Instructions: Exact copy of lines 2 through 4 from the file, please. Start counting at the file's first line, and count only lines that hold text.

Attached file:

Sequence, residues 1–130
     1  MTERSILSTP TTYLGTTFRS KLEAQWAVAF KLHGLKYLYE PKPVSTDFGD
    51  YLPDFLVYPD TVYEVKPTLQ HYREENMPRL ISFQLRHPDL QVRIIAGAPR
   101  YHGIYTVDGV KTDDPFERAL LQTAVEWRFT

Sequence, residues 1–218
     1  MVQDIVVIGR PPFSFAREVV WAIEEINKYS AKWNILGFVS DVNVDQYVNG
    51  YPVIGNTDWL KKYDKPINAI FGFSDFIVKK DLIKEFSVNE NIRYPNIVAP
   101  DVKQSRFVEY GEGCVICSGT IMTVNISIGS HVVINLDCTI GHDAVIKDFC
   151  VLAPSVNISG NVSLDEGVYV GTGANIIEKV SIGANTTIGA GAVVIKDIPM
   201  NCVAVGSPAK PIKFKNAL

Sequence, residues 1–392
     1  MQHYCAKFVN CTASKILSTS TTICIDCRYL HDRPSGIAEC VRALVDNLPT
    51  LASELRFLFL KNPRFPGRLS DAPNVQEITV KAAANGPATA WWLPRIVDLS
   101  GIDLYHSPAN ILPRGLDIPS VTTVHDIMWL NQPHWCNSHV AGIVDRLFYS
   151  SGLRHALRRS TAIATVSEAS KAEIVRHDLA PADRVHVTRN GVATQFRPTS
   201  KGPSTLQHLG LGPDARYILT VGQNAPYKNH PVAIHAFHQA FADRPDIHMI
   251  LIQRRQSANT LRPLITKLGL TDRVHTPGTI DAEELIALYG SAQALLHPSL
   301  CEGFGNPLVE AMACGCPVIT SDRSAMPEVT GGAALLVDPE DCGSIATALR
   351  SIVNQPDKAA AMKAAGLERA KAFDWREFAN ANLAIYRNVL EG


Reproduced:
     1  MTERSILSTP TTYLGTTFRS KLEAQWAVAF KLHGLKYLYE PKPVSTDFGD
    51  YLPDFLVYPD TVYEVKPTLQ HYREENMPRL ISFQLRHPDL QVRIIAGAPR
   101  YHGIYTVDGV KTDDPFERAL LQTAVEWRFT